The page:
History of Cain Park

Cain Park Stone SignConceived in the mid-thirties, Cain Park is rich in history. The brainchild of Heights High School drama teacher Dr. Dina Rees Evans and Cleveland Heights Mayor Frank C. Cain, Cain Park's original purpose remains unaltered. Owned and operated by the City of Cleveland Heights, it is the living symbol of the City's commitment to nurturing quality programming in the arts for an area population that undeniably thrives on it. It is one of the City's most visible ways of saying that Cleveland Heights is a wonderful place to live, work and raise families.

As Evans recounts in her 1980 book on the Cain Park Theatre, The Halcyon Years, the creation of a legendary summer theater program happened almost by accident. She had come to Cleveland Heights in 1930 to research a theory for her Ph.D.

Evans believed that theater education helped make "dramatic" transformations in students' attitudes and social behaviors as well as helped them succeed in other areas. She proved her theory, earned a doctorate in 1932, and decided to continue teaching drama at Heights High. Her Heights Players grew and an adult theater club developed in 1932 called the Civic Theatre of Allied Arts, sponsored by the Recreation Division of the Cleveland Heights Board of Education.

In the summer of 1934, these two groups wanted to collaborate on an outdoor presentation of A Midsummer Night's Dream. Coordinating theatre-minded adults with high school dramatic students, "Doc" Evans produced the first outdoor play presented as a community enterprise. It was "staged" at the foot of the sledding hill at Taylor and Superior (during the Great Depression Works Progress Administration laborers had cleared out the ravine between Taylor and Lee roads, removing trees for a sledding hill and quarrying sandstone from the creek that ran through the area). Needing a name for the performance location, "Doc" Evans hastily dubbed it "Cain Park" after the mayor, Frank Cain, who raised no objection.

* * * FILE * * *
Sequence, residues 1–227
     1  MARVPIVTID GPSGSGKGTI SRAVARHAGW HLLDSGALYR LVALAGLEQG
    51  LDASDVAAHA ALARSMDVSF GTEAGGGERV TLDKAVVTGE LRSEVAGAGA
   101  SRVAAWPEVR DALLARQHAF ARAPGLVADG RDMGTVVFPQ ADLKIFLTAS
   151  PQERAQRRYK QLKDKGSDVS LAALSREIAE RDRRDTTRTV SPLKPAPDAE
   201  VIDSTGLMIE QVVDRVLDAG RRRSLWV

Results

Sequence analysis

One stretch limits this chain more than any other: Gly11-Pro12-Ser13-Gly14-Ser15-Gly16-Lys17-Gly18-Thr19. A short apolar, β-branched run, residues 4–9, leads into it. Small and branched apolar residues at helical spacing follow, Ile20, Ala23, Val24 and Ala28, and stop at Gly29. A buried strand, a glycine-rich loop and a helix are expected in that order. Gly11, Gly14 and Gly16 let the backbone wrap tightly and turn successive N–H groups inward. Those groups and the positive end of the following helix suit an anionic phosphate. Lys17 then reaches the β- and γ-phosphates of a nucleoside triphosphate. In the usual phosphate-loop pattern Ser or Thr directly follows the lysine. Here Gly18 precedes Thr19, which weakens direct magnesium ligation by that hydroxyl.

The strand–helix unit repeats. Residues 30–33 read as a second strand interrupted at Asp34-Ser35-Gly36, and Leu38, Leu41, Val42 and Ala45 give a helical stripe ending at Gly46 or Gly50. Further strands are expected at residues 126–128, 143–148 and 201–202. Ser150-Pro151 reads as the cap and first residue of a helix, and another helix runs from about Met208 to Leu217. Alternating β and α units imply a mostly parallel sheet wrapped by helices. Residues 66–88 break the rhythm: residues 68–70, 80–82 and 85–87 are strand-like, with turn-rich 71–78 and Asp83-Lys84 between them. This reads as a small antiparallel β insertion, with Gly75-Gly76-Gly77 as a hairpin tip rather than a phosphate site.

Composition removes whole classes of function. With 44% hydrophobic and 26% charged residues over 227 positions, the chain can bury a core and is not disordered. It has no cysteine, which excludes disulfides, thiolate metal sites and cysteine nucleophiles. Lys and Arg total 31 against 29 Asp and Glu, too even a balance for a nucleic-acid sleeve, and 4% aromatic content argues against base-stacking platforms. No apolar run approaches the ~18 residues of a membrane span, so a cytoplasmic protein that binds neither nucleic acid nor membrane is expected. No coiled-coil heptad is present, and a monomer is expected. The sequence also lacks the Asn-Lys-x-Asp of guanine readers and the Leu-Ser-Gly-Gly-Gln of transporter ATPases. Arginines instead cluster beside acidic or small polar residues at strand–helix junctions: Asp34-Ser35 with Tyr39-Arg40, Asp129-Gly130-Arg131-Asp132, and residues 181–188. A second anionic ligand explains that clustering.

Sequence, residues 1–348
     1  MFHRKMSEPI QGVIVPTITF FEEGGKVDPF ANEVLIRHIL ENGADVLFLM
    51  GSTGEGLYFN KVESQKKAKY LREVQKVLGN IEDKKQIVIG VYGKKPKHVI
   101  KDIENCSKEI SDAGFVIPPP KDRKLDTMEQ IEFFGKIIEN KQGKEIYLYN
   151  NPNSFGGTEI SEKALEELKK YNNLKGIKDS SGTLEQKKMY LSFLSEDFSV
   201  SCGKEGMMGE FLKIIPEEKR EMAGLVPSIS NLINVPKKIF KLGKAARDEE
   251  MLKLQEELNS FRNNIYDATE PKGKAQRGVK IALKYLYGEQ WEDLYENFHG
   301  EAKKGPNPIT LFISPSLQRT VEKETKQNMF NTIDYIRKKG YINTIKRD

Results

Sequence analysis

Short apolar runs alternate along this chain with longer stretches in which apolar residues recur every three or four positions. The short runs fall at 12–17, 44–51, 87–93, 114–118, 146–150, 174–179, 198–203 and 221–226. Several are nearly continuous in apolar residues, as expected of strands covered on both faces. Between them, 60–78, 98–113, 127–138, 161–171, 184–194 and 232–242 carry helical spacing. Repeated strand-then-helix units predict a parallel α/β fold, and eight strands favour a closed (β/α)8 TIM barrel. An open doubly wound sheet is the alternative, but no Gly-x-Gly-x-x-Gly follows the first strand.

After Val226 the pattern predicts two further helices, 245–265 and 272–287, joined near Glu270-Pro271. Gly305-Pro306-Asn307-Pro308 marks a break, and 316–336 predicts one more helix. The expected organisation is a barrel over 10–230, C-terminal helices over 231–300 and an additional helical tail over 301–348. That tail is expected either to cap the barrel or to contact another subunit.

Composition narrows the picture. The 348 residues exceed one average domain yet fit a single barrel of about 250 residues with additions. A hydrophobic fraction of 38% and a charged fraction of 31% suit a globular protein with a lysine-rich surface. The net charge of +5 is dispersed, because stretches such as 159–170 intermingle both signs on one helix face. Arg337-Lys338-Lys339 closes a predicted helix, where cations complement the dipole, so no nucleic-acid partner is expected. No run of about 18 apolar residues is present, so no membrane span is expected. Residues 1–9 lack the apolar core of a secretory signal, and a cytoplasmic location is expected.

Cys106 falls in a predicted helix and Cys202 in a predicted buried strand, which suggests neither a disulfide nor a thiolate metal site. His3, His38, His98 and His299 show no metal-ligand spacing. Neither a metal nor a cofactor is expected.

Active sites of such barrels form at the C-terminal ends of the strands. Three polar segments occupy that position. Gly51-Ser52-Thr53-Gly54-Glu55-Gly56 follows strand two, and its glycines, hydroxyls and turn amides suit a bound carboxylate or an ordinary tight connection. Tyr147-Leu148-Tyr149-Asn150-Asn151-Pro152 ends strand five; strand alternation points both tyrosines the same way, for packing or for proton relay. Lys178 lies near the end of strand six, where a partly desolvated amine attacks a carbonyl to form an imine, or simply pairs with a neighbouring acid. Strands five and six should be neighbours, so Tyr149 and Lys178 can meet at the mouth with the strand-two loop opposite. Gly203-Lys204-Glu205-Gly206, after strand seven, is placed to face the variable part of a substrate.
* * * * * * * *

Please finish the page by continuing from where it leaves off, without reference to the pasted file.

Dream was such a successful community production, the City needed little convincing that all would benefit from building a municipally owned and operated theater. Because of their vision, and in cooperation with, the labor of the WPA, the capital of the Soldiers and Sailors Relief Fund, and the support of local philanthropists such as John D. Rockefeller, the Amphitheater was completed in 1938 and the Alma Theater (named for Cain's wife) was added in 1944. "Doc" Evans was given the position of theatrical director, which she held until 1950. She stressed the theater's role as a teaching institution in the community and under her guidance, Cain Park attracted aspiring young talents such as Broadway music director Jack Lee, producer Ross Hunter, and actors Hal Holbrook, Dom DeLuise, Carol Kane, Jack Weston and Pernell Roberts who performed on sets designed by the nationally acclaimed industrial artist Viktor Schreckengost, among others. In 1942, Cain Park was touted in a Family Circle article as the only "municipally owned and operated outdoor theatre of its kind in the United States."

After Evans' departure, Cain Park's theatrical direction changed. Marvin Kline ran the theater in the mid-1950s, importing national talent. From 1959 to 1962, the Amphitheater was leased to bring in such big-name stars as Bob Hope, Frank Sinatra, Harry Belafonte, Johnny Mathis, Jerry Lewis, and Sammy Davis, Jr.